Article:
EbertFestaphiles, EbertFestaholics, and those consumed with EbertFestivia were happy to see the first EbertFest 2009 film leaked on Roger's blog back in December: Sita Sings the Blues, by Nina Paley. True, Roger did threaten last year to include Joe vs. the Volcano, but there's been no confirmation as of yet on Joe, who may end up being the bridesmaid again.

Besides, much more interesting to C-U is that Nina Paley is a homegrown Urbana talent, described as "the mayor's daughter" by Ebert. This sent Smile Politely scurrying to find out about this alleged "Mayor Paley." He sounded a little too close to a scary combination of "Mayor Daley" and "Governor Palin" for us to be completely at ease.

Turns out, Hiram Paley was mayor of Urbana in the early seventies, and is best known for leading the effort for Urbana to become the first city in Illinois with a human rights ordinance. He is now a retired math professor at the University of Illinois. So, not to worry. Nina comes from solid Urbana stock.

 

But what about Sita Sings the Blues?  We'll let Roger Ebert describe it:

I put on the DVD and start watching. I am enchanted. I am swept away. I am smiling from one end of the film to the other. It is astonishingly original. It brings together four entirely separate elements and combines them into a great whimsical chord. You might think my attention would flag while watching "An animated version of the epic Indian tale of Ramayana set to the 1920's jazz vocals of Annette Hanshaw." Quite the opposite. It quickens.

We caught up with Paley on the phone this week, to ask her about growing up in Urbana, the trauma of being a junior-high girl, her transition from comic strips to animated films, the trap of perfection in art, and whether she is looking forward to her return home in late April to attend EbertFest.

Smile Politely: Did you grow up in Urbana?

Nina Paley: Yes — born in Mercy Hospital and raised in Urbana. I was there the first 20 years of my life.

SP: Is there anything about being a mayor's daughter that has scarred you for life?

NP: [chuckles] I was very young, maybe six years old. Even then I was an artist, but when I was at school and did something I was proud of, the other girls would say, "Oh you're just showing off because you're the mayor's daughter." I didn't get it.

SP: So it's true, that it's hard to be the daughter of a famous person?

NP: As far as I know, it wasn't a very good deal, being mayor of Urbana in the late '70s. But being mayor's daughter wasn't too hard. The real scars came from the nightmare that was Urbana Junior High School, which I felt should be eradicated from the face of the earth.

SP: So you had what many would consider a fairly typical junior-high girl experience?

NP: Now it's funny to hear that others were having similar problems, but I thought I was the only one going through it.

SP: What happened?

NP: In grade school, I hung out with a lot of relatively smart kids doing smart things. And then over the summer before Junior High it was like all the girls had gone to girl-reprogramming school or something.  All these girls that I remember as being people, they showed up wearing weird clothes and makeup and they had piercings and all this stuff I didn't care about at all. Suddenly they were cool girls and I wanted nothing to do with it.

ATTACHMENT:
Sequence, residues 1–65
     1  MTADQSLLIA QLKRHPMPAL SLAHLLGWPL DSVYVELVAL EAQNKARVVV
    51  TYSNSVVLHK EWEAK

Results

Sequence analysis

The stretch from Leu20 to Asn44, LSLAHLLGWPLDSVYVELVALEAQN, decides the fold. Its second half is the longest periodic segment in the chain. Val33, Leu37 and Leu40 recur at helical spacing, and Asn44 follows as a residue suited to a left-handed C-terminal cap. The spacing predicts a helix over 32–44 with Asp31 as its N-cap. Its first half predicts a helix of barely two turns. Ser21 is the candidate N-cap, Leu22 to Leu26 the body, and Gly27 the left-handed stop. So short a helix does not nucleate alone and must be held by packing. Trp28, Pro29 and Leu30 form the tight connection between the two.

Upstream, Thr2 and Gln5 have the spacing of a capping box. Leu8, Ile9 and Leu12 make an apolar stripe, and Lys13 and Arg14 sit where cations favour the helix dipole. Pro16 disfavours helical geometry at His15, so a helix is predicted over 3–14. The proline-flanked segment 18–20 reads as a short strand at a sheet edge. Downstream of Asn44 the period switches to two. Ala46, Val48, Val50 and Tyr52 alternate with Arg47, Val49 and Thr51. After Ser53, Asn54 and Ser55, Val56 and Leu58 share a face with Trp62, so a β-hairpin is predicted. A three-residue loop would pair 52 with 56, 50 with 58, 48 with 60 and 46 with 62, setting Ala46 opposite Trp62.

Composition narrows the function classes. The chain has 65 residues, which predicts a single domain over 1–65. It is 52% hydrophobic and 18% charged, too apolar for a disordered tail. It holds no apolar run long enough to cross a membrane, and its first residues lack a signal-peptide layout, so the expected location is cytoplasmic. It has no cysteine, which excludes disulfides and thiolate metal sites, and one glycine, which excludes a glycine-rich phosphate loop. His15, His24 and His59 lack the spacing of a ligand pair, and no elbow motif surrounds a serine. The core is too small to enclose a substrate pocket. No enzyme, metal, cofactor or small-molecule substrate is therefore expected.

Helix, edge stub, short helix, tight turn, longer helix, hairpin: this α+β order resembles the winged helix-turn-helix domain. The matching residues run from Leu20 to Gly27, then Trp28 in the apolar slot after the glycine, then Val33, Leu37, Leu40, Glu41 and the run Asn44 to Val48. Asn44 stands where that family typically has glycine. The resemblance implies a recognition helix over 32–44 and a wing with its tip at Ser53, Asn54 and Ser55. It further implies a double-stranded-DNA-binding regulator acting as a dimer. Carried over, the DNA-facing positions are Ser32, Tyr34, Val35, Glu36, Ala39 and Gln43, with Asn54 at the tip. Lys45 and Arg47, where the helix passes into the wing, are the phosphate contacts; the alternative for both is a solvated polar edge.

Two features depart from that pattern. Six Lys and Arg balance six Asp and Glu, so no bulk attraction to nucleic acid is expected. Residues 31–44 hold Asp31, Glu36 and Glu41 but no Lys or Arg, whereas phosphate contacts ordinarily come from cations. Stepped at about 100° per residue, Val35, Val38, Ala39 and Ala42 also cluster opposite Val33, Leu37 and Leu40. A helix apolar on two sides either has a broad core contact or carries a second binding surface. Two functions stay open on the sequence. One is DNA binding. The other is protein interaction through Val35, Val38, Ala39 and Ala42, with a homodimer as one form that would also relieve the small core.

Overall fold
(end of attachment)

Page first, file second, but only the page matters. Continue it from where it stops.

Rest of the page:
The first two weeks, everyone was figuring out where they fit in the pecking order and I was like, well, I'm not going to do this. So I got the bottom slot, and it was open season on Nina Paley. I had no idea why — I was trying to have as little to do with it as possible, wishing I was on another planet, hoping the aliens would come to take me home. I didn't really come out of it until I was in my 20s.

SP: Where did you go to high school?

NP: I went to Uni [University High School].  My older brother and sister went there, so it had this mythic dimension surrounding it, promising freedom and autonomy. But by the time I went it was the '80s during the Reagan years, and Uni was going through an oppressive stage. Everyone was experimenting with authoritarianism. I was also shocked at how much cheating was going on. But I was so scarred from Junior High that I was already a complete mess before I went to Uni.

One thing to mention was that I was raised partly by PLATO computers [University of Illinois' pre-cursor to online communities]. I spent a lot of time in my teen years using the PLATO terminals at CERL [Computer Based Education Research Lab]. There were games, message boards, chat. We had access at Uni and CERL was right across the street from Uni. There was an old joke: "Why did the Uni student cross the road? To get to CERL."

SP: Being addicted to PLATO is a common report from those who grew up here around that time. So, when did you graduate?

NP: Either 1986 or 1987. I didn't actually attend graduation, because I left Uni a year early. There was a program that instead of doing your senior year, you just go straight to university, so I did that. They accidentally sent me diplomas both years, which I thought was great — one to give to my parents, and one to burn. (Actually, my parents have both of them.)